Table Games Legislation: What’s The Deal in Pennsylvania?

Senate Bill 711 (SB 711), an amendment to the Pennsylvania Race Horse Development and Gaming Act of 2004 (Gaming Act) was first referred to the Senate Community, Economic and Recreational Development Committee on June 22, 2009. After more than six months of hearings, debates, amendments and considerations, the 230-page legislation was passed by the House of Representatives and the Senate and was signed into law by Gov. Edward G. Rendell on Jan. 7, 2010.

The legislation, among other things, makes modifications to the Gaming Act on the operation of and distribution of gross terminal revenue from slot machines in the Commonwealth; specifies reform measures related to political contributions; limits outside employment and adds post-employment restrictions for employees of the Pennsylvania Gaming Control Board (PGCB); and provides for new misdemeanors and felonies related to legalized gambling. Most notable, however, is the authorization of table games at licensed slot machine facilities.

Authorization of Table Games and Slot Machine Modifications
Pursuant to the Gaming Act, the seven Category 1 (Racetrack)1 and five Category 2 (standalone) facilities are permitted to operate up to 5,000 slot machines each, while the two Category 3 (Resort)2 facilities are permitted to operate up to 500 slot machines. The legislation permits Category 1 and Category 2 licensees to petition the PGCB to obtain a table games certificate to operate up to 250 table games—no more than 30 percent of which may be utilized for non-banking poker games—for the initial six months of operation and grants permission for them to petition the PGCB thereafter to increase the number of table games.

On a smaller scale, the legislation permits the Category 3 licensees to seek a table games certificate to operate up to 50 table games—no more than 30 percent of which may be utilized for non-banking poker games. Category 1 and 2 facilities may operate an unlimited number of additional tables for poker tournaments while Category 3 facilities may operate a maximum of 15 tables for poker tournaments.
The legislation permits an increase in the number of slot machines operated at Category 3 facilities to 600 after the table games certificate is obtained. It reopened until April 7, 2010, the application period for the Category 3 license that has not been awarded, and authorizes the addition of a third Category 3 license after July 20, 2017.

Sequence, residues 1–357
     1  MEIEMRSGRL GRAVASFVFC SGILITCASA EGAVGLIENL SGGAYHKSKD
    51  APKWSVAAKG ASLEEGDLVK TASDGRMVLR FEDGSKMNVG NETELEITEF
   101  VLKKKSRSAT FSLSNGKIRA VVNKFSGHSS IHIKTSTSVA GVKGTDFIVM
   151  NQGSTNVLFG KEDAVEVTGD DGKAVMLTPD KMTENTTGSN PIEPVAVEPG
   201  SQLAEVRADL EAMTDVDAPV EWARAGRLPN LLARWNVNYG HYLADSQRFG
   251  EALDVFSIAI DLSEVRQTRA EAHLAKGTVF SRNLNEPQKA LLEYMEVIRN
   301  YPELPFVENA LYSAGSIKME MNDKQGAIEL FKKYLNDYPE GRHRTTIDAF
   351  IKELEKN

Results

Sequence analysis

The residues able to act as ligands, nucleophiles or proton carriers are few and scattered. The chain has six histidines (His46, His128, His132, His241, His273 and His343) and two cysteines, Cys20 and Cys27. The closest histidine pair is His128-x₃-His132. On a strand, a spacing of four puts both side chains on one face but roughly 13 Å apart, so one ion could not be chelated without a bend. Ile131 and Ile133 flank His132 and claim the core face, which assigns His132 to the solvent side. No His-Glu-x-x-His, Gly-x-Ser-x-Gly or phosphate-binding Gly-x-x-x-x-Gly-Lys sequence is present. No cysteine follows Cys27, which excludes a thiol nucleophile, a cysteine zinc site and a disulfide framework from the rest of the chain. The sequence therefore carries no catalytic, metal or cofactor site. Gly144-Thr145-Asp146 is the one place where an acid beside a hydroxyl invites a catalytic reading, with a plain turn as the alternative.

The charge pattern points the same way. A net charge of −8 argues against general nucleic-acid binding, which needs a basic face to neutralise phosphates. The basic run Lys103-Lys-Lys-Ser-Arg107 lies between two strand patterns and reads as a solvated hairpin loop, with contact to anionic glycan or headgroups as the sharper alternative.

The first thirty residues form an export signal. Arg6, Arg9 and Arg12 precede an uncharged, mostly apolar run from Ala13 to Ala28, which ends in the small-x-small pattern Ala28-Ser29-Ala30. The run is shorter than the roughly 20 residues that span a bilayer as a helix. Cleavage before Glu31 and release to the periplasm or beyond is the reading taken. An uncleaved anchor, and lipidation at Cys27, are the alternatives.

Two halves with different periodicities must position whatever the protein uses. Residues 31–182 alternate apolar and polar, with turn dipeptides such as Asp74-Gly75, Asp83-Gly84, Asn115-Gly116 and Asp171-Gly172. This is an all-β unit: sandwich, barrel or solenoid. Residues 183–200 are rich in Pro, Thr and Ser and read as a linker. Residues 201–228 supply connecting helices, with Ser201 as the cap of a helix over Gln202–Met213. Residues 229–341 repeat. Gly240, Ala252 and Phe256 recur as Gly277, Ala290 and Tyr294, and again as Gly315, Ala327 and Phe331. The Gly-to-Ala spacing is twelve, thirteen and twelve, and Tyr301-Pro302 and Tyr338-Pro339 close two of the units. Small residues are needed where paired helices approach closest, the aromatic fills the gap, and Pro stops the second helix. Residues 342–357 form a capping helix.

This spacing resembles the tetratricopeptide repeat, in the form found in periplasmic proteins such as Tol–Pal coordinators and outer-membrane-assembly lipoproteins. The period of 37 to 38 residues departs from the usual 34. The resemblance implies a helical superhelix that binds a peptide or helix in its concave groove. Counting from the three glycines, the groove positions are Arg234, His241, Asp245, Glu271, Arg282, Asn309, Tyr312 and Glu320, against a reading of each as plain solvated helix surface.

In order to petition for a table games certificate to be able to operate table games, Category 1 and Category 2 licensees must pay a one-time fee of $16.5 million (which increases to $24.5 million for current licensees if not paid by June 1, 2010) and $7.5 million for the Category 3 licensees (which increases to $11.25 million for current licensees if it is paid after June 1, 2010). Once a table games certificate is issued by the PGCB, the legislation requires certificate holders to operate a minimum number of slot machines in addition to the table games. For Category 1 and Category 2 facilities, the minimum number of operational slot machines is 1,500.3

The legislation imposes a state tax of 14 percent on the table games revenue of each facility for the first two years of operation, after which it will decrease to 12 percent. Additionally, a local share assessment of 2 percent of the table games revenue will be collected and returned to the local government(s) that hosts the facilities. Finally, there is a 34 percent tax rate for “fully automatic electronic gaming tables.”4 These taxes are in addition to the taxes currently imposed on slot machine gross terminal revenue, which is 55 percent.

One of the stated goals of the legislation is for the PGCB to promote and ensure the availability of employment opportunities for Commonwealth residents. The legislation requires that residents comprise at least 85 percent of the certificate holder’s table game-related employees by the end of the third year following commencement of the conduct of table games at the facility.

Requirements of the PGCB
The passage of the legislation that permits licensed gaming facilities in Pennsylvania to offer tables games does not mean that those casinos may immediately begin to offer table games. Instead, it signals the beginning of a complex and thorough process by the PGCB to promulgate regulations, train employees and conduct background investigations on prospective gaming and non-gaming employees, suppliers, manufacturers and vendors in order to continue to responsibly and fully regulate legalized gaming in the Commonwealth. The length of this process will probably take six to nine months requiring a significant amount of resources by the PGCB, supplier and manufacturer licensees and gaming facilities.